Monday 18th Sept 2017
“For one night only, London Russian Ballet School (LRBS) will continue its collaboration with the
world-famous Bolshoi Ballet and Theatre, bringing ballet and classical music to young people in
800 children from Lambeth, Brent, South West and West London, who have never visited a theatre
to see ballet and most of whom have never heard of the Bolshoi Ballet, will join the audience at the
London Palladium for free, with transport provided. Romantic Revolution is a philanthropic
endeavour to engage these young children in ballet and impart the richness of this art.
Leading Bolshoi principals will present an outstanding programme with LRBS students, to include
the spectacular classic Don Quixote. A new work will be premiered which has been specially created
for Alexandrova and Lantratov. Accessibility is the driving force of Romantic Revolution with tickets
priced affordably to enable as wide an audience as possible to see Bolshoi artists perform.
LRBS, based in Clapham, is a vocational school and charity which teaches ballet to and educates
young people from widely diverse backgrounds. Its Artistic Director, Evgeny Goremykin, danced
with the Bolshoi Ballet for over twenty years and founded the school on the principles of his own
ballet education with a dominant ethos of opportunity and inclusivity.
The goal of the school is to give students the best of the past in order to work for the future; in this
vein, students train with former artists of the great theatres and ballet schools of Russia where
tradition and knowledge are passed from one generation to the next. LRBS believe that the Russian
method, one of the finest in the world, may be applied to any individual with great success.”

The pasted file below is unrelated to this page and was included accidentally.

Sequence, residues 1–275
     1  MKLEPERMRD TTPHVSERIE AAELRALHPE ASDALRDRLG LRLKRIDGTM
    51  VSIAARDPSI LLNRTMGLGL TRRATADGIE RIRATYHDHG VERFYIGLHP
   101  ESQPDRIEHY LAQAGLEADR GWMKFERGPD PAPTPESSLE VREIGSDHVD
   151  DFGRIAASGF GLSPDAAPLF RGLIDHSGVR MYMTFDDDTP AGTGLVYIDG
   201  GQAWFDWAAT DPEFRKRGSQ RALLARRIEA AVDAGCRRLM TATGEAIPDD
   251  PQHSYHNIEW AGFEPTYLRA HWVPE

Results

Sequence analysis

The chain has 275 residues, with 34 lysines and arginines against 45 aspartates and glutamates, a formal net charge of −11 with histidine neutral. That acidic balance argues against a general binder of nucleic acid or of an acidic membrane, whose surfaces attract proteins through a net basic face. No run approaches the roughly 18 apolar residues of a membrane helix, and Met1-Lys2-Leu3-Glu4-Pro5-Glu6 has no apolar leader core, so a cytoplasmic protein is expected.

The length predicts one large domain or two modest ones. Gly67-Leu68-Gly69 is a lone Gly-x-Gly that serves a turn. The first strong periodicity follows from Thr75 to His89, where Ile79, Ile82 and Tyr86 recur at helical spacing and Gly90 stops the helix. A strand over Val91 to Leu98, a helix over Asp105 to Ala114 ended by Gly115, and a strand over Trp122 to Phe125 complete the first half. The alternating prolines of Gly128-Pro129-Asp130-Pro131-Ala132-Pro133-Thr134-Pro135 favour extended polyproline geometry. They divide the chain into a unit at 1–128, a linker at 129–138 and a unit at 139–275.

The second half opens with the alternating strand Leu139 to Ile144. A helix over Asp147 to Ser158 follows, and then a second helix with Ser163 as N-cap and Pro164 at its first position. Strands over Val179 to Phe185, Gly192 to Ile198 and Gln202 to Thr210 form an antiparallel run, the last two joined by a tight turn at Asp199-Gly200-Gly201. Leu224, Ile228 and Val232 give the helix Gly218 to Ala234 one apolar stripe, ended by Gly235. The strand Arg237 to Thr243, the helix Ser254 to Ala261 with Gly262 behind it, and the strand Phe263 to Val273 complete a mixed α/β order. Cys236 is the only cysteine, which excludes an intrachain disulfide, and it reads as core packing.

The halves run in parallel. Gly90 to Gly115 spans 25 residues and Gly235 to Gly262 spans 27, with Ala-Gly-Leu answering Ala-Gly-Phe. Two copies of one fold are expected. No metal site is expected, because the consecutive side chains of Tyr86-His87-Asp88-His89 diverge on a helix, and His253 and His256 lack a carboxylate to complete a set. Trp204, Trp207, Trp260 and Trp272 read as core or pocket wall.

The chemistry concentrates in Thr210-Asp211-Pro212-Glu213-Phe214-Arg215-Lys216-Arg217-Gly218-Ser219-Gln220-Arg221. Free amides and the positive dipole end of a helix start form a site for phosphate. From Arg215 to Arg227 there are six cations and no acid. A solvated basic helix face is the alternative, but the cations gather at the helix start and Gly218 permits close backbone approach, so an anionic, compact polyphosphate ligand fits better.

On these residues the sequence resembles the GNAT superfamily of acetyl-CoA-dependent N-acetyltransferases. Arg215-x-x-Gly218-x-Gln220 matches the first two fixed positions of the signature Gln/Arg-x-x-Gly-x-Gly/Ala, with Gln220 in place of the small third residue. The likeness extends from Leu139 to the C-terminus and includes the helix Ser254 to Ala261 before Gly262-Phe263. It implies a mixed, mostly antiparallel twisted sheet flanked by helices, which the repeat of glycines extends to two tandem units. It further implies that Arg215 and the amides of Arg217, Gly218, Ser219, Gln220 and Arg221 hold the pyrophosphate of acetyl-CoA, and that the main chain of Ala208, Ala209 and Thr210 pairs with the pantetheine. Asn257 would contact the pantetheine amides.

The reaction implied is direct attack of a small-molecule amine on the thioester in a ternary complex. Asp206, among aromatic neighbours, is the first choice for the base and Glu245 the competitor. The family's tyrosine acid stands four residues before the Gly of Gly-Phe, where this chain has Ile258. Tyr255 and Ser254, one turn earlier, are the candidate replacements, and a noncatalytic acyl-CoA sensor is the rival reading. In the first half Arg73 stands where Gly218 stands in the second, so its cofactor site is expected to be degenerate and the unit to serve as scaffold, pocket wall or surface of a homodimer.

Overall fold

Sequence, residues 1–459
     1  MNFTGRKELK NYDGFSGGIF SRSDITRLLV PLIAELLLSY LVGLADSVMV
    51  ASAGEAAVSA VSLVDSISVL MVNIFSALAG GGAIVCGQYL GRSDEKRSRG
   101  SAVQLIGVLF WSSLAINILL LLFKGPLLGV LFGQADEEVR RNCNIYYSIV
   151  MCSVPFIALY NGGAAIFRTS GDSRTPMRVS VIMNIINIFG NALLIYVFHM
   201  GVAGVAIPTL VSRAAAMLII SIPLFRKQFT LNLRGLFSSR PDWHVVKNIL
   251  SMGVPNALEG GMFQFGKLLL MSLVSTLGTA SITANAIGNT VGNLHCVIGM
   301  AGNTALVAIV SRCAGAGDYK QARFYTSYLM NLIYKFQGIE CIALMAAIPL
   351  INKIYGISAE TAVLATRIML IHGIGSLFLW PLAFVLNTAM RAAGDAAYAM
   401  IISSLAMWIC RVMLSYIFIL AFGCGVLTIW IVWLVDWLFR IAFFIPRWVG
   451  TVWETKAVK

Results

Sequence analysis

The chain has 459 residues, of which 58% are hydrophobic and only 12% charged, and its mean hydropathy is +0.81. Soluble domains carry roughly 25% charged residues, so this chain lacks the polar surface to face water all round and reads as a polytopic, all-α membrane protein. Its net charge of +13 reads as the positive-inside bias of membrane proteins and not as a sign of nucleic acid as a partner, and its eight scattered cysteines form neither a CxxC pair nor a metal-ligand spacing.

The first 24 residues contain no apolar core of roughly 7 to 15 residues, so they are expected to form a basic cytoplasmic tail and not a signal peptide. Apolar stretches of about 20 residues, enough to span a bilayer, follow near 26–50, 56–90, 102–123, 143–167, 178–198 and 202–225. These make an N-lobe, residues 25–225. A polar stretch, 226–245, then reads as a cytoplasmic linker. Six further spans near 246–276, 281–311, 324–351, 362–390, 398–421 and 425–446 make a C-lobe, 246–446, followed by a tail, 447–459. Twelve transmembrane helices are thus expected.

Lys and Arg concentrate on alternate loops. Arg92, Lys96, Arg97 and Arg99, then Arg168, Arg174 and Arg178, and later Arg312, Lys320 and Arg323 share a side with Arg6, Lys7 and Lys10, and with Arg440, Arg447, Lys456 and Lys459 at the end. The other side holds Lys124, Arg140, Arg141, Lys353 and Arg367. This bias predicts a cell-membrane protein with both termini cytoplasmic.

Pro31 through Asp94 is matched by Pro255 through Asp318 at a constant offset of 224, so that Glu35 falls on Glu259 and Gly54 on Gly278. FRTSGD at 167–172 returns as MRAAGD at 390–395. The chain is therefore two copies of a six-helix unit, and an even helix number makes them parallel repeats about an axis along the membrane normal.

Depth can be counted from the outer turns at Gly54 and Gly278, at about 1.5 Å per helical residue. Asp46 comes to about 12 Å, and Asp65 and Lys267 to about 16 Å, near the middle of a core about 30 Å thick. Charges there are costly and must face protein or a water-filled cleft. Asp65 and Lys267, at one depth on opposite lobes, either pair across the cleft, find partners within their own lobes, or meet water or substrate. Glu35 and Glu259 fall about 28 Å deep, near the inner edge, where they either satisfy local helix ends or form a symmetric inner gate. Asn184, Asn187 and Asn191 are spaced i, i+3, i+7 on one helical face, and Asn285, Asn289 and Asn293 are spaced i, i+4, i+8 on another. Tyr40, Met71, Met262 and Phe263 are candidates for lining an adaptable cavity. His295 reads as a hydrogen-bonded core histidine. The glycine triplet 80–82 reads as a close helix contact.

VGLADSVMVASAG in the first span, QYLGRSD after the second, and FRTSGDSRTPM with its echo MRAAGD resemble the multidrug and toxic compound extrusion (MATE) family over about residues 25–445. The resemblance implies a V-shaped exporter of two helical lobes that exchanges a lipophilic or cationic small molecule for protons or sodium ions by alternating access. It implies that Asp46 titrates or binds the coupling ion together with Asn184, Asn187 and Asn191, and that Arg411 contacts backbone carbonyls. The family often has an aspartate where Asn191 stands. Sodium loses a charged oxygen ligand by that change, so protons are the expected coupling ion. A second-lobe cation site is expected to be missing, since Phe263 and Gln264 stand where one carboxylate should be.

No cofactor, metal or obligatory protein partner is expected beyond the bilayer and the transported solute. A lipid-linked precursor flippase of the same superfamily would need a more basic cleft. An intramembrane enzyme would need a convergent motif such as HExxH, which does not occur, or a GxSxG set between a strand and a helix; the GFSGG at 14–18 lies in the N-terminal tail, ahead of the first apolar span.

Review by the Decadent Designer, 2 Stars
Although this performance showcased incredibly talented, beautiful, ballet dancers it lacked in technical theatre competence and so for the purposes of this “Technical Review” it has suffered.
As I took my seat (which had been lost in booking process) I noticed the London Palladium house rig was being used and tabs warmers were positioned to light… black tabs! Lighting Designer, Roz Maylon had a couple of nice states in the show but the nasty crossfades and over use of follow spots on an overly lit stage failed to excite and add drama to these incredible, dramatic, ballet numbers.
The sound by Marc Soame of SoTech was, in places, worse than average. Despite the School paying for a petite orchestra most of the dances were performed to low quality tracks that could’ve been ripped off Youtube and came with a rather un-lovely added white noise effect.
I think if the technical theatre aspects of this show had pulled it’s socks up it could have been a brilliant evening of entertainment. Some of the dancers were incredibly slick, graceful and incredibly talented.The photos (Igor Zakharkin) speak for themselves.
Three people’s performances that really stood out to me were Natalie Carter, who commanded the stage in her Nymph solo accompanied by Pasha Mansurov’s brilliant flute solo, Bolshoi Ballets Vladislav Lantratov and Maria Alexandrova’s skill would’ve been difficult for anyone to miss. Their incredible performances really lifted the show from good to very entertaining.
Although the dancers’ skill is undeniable unfortunately the performance lacked technical prowess.